Cmt. (3): Gives examples of truthful statements that are also misleading.
Russ: Author questions if 2will remain good law.

" MR 7.2(a) Enables lawyers to advertise through written, recorded, or electronic
communication, including public media.

d?   ¦# ¦ ¦


 


" State may not ban advertisements which are targeted at a specific population of clients with a
specific legal problem and offers them advice.
 Y  '     #   (holding that state may not ban advice and information on a
specific legal problem intended to reach a specific group of individuals because such commercial speech is
protected by the 1st Amendment) (this was the Darcon Shield advertisement case).

[?    
¦ ¦
 


" Targeted direct mail communications also receive constitutional protection.
3   &+ % 
 (holding that targeted direct mail solicitation is distinguishable from in
person solicitation and therefore receives constitutional protection).
Also stating in dictum that state can regulate the dangers associated with targeted mail in a less restrictive
manner than a total prohibition.

‰?     '  9 ¦  &



" Any advertisement made pursuant to this rule shall include the name and address of at least one
lawyer or law firm responsible for its content. MR 7.2(c).

?        




" Beyond paying to produce advertisements and buying a law practice from another attorney, a lawyer may
NOT pay for referrals, except in 2 limited circumstances:
A lawyer may pay the customary fee of a non-profit lawyer referral service established by the appropriate regulatory
authority - ' ('(
  ñ
Ú # Ô 
'( lawyer A may agree to refer clients to lawyer B, in exchange for lawyer B agreeing to refer clients to lawyer A in
the future, as long as the client is   of the nature and existence of the fee agreement and it is non-exclusive.
- ' ('*(
- )'(  ' 

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 Ô×½× ×
½
  ½

G×

" MR 8.4 prescribes that it is professional misconduct for a lawyer to:
M Violate or attempt to violate the rules or knowingly assist another to do so.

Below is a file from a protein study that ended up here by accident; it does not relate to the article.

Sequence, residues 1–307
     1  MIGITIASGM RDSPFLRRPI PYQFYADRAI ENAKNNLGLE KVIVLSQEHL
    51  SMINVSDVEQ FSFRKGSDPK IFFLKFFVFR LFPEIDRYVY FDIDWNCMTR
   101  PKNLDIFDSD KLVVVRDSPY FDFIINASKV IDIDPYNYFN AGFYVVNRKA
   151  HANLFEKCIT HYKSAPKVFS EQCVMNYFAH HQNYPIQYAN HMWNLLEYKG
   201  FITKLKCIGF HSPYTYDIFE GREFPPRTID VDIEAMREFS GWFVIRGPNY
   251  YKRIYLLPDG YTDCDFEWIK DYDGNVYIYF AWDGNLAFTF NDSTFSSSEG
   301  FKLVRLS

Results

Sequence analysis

M Commit a criminal act that reflects adversely on lawyer¶s honesty, trustworthiness or fitness
M Engage in conduct that constitutes dishonesty, fraud, deceit or misrepresentation
M Engage in conduct that is prejudicial to administration of justice
M State or imply an ability to falsely influence a judge.
c  
 c 




    

Alan Shore is a junior partner at a Boston law firm. The firm does a significant amount of legal work for the City of Boston,
primarily as a result of close personal ties of its senior partners to the current mayor, Tom. The following events unfold during the
mayor¶s re-election campaign.
Tom is running ads that, allegedly, contain falsehoods regarding Dick, his challenger. Dick consults with Shore, seeking
representation in an attempt to stop the ads [CONFLICT OF INTEREST, IMPUTED THROUGH THE FIRM, RULE 1.10, RULE
1.7(a)(1) - maybe & (2) - certainly, RULE 1.6 (MUST KEEP INFORMATION ABOUT TOM CONFIDENTIAL)]. As it happens,
Dick¶s wife is a former lover of Shore [PROBABLY NO CONFLICT]. Dick tells Shore that he has already consulted with several
leading lawyers, all of whom have told him that he has no legal basis to seek injunctive relief against the ads [FRIVOLOUS?]. Shore
nonetheless agrees to bring suit on Dick¶s behalf against Tom.
Upon learning of this, the managing partner of Shore¶s law firm, concerned that this may interfere with the firm¶s ongoing legal work
for the City, advises Shore not to undertake the matter [MORE EVIDENCE OF CONFLICT, KNOWINGLY, RULE 5.2 DOESN¶T
APPLY, SUPERVISING ATTORNEY SHOULD OF MADE MORE REASONABLE EFFORT, RULE 5.1]. Shore ignores the
managing partner and proceeds.
Without having conducted any legal research to find support for the lawsuit [COMPETANCE & DILIGENCE, FRIVOLOUS, RULE
1.1, 1.3, 3.1], Shore appears in court at the hearing on the request for an injunction, but is unable to cite any legal basis for such a prior
restraint on free speech. The judge rejects the request, but the publicity surrounding the suit improves Dick¶s image, and he ultimately
wins the election [NO EVIDENCE THAT THERE WAS INAPPROPRIATE PUBLICITY].
Shortly before the election, Shore learns from Dick¶s wife Mary (his former lover) that Dick has been having an affair with his public
relations representative. Shore, duly outraged, agrees to represent Mary [1.7(a)(2), MARY WAS HIS LOVER, WILL HIS
JUDGMENT BE AFFECTED] in a divorce action against Dick [IS DICK A CURRENT CLIENT? RULE 1.7(a)(1), OTHERWISE
RULE 1.9 (FORMER CLIENT) ± LIKELY NOT SUBSTAINTIALLY RELATED MATTER], and prepares a draft of an extremely
favorable divorce settlement agreement [ASSUMING NO CONTINGENCY FEE].
On election night, Shore confronts Dick [IS DICK REPRESENTED? IF SO EX PARTE, NOT ALLOWED BY RULE 4.2, IF NOT,
RULE 4.3 APPLIES, SHORE GAVE LEGAL ADVICE, DIDN¶T ADVISE DICK TO GET COUNSEL, 8.4(b) ± fitness / honesty,
4.4 ± RESPECT RIGHTS FOR 3rd PERSONS], demanding that he agree to the proposed terms, or Mary would ³go public´ with the
affair [CAN¶T GO PUBLIC, WOULD MATERIALLY PREJUDICE THE ADJUDICATIVE MATTER, RULE 3.6; USING
OFFENSIVE TACTICS, RULE 1.3]. Dick agrees with the terms, and later that night, wins the election. Shore then immediately
engages in intimate relations with Mary [NO SEXUAL RELATIONS WITH CLIENT, QUESTION IS WHEN CLIENT
RELATIONSHIP ENDS, IS IT ENDED?].
These acts raise many issues regarding potential professional conduct violations. Identify at least six (6) such potential violations, and
then discuss each in accordance with the 2005 version of the Model Rules.
    Ú  " $ $)      !